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accepted figure, and that somewhere in the neighborhood of 17 percent of that $2,000,000,000, or in other words $350,000,000 of those securities, are unlisted securities, which under section 6 (a) of the bill would be ineligible to remain in the accounts, there would remain in those accounts approximately $1,650,000,000 of listed securities. Applying to these the 33-percent experience of E. A. Pierce & Co., it would mean that approximately $550,000,000 of these securities would have to be sold out, or an equal amount of cash put up, in order to bring those accounts into line with the margin requirements of the bill by October 1, and, in addition to that, we have to take into account the $350,000,000 of unlisted stocks and securities which would no longer be available for margin purposes, and would, to a greater or lesser extent, have to be sold out.

So that we see the apparent extent of the liquidation which would have to follow within the next few months if we were to get around by October 1 to meeting the margin requirements of this bill.

The liquidation in so short a period of such a volume of securities would have a natural tendency to depress the market, and, as the liquidation continued, there would be a progressive necessity of liquidating more securities than would be necessary if values remained at the point where they would stand in the absence of such liquidation.

Whatever might be the desirable thing, therefore, from a long-run standpoint of reducing the amount of funds in the stock market, it is at least a question whether it would be sound economic policy to effect this reduction in so short a period at the present time when the efforts of the Government are in the direction of increasing or at least sustaining values.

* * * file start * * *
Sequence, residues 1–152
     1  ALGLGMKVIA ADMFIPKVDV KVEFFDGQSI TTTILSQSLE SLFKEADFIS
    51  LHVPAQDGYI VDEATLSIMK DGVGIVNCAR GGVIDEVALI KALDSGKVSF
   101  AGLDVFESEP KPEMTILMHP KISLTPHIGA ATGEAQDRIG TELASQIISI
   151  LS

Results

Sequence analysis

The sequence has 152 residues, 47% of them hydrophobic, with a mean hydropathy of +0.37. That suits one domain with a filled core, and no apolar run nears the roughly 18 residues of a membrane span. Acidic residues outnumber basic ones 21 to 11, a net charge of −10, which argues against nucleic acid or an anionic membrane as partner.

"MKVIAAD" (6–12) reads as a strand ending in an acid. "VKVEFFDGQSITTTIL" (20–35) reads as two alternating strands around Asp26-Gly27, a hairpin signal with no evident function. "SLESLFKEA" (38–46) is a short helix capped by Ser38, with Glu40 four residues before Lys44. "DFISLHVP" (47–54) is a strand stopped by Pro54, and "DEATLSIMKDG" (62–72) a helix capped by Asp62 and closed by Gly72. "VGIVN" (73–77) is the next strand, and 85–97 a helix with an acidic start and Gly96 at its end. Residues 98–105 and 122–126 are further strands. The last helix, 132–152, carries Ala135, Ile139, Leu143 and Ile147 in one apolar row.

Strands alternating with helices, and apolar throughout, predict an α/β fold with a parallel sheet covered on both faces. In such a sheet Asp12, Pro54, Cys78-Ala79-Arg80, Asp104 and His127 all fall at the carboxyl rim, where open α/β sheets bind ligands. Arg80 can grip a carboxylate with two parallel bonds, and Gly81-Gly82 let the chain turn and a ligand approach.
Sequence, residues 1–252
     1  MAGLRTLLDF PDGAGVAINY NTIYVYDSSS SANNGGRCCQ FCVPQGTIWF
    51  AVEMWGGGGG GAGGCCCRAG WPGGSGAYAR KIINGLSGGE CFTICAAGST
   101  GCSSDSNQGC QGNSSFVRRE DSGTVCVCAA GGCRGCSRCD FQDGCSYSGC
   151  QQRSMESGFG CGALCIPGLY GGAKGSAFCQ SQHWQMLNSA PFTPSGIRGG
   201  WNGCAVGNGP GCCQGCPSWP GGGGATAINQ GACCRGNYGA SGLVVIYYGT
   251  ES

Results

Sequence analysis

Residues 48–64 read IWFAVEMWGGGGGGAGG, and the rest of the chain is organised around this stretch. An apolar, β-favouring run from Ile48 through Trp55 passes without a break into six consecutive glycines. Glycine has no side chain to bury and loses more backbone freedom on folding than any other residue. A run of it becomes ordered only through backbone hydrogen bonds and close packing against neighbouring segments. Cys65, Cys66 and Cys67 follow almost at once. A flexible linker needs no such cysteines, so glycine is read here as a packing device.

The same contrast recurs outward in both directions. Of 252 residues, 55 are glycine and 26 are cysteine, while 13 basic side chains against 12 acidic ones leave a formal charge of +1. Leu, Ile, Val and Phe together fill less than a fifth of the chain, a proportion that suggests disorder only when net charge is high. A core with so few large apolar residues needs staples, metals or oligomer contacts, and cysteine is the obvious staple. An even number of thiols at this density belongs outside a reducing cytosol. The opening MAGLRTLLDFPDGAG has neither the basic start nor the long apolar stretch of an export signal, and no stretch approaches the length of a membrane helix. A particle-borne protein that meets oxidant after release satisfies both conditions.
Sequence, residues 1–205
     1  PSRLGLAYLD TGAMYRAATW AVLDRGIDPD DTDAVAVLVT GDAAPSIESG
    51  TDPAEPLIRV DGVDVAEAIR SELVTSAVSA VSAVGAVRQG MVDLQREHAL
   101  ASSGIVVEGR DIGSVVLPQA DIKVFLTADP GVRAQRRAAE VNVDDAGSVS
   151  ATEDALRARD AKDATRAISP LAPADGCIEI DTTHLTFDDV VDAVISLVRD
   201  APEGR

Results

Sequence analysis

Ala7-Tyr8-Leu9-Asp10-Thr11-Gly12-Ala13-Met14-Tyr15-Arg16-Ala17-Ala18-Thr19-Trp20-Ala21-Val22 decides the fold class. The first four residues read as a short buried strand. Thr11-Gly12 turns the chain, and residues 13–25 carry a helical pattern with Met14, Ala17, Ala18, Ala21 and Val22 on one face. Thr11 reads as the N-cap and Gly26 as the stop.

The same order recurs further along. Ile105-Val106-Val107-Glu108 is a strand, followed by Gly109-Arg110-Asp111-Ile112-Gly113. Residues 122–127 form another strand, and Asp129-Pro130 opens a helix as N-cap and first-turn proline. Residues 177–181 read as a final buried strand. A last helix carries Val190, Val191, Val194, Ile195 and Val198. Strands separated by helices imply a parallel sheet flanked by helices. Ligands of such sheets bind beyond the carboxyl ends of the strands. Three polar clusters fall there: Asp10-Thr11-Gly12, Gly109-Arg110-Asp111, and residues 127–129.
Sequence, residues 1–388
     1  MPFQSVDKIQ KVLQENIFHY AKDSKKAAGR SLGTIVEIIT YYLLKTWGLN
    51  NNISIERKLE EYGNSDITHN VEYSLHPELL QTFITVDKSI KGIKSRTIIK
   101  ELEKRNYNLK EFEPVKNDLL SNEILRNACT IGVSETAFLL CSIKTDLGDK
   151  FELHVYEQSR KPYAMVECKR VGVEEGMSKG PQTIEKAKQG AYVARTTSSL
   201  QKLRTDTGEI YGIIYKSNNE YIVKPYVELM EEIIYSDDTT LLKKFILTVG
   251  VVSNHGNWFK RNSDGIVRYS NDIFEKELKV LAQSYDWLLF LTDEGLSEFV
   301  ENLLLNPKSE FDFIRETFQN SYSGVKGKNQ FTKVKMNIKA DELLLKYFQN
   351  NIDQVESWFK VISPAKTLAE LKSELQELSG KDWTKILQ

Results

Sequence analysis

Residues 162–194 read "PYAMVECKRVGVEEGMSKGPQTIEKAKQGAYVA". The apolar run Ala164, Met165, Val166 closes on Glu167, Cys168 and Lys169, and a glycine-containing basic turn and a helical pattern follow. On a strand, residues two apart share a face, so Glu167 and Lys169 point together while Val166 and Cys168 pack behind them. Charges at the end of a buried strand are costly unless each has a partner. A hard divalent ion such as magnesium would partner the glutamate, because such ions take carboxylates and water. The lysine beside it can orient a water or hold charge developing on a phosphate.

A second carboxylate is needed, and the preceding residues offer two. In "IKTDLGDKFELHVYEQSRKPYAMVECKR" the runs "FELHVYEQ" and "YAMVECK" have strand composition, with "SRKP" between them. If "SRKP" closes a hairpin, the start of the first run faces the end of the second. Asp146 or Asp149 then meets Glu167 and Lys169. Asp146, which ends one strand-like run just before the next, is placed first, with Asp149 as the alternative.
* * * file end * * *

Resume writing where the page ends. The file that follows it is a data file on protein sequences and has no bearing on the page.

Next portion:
Assuming, however, that the bill would be so amended as Mr. Cohen and Mr. Cochran have suggested to me, that the proposed flat requirement, the 60 percent margin requirement would not go into effect for a considerable time, perhaps not until the expiration of a number of years, the question still remains whether the fixing of a flat arbitrary margin for all stocks under all circumstances is an advisable method of protecting the economic structure of the country against the disastrous consequences of excessive speculation. The very simplicity of that method proposed for the solution of a highly complicated problem might raise some question as to its effectiveness or its wisdom. The danger of overspeculation consists, after all, not so much in the total amount of funds in the stock market at any one time as in the excessive expansion and contraction of those funds, and you do not get any control over expansion and contraction by a flat margin which applies equally under all circumstances, no less when the market is bare of funds, on the one hand, than when it is tremendously active and flushed with funds, on the other hand. It is a flat provision which does not operate to check when speculation occurs, and which is just as rigid when there is no expansion.

The control over margin trading would seem to require the application of different standards at a time when speculative practices become excessive, from those which are applied when there is only a small amount of speculation. In the words of the Roper report, liquidity as affected by margin requirements changes in importance from time to time, and it seems hardly desirable to freeze requirements into the provisions of a statute.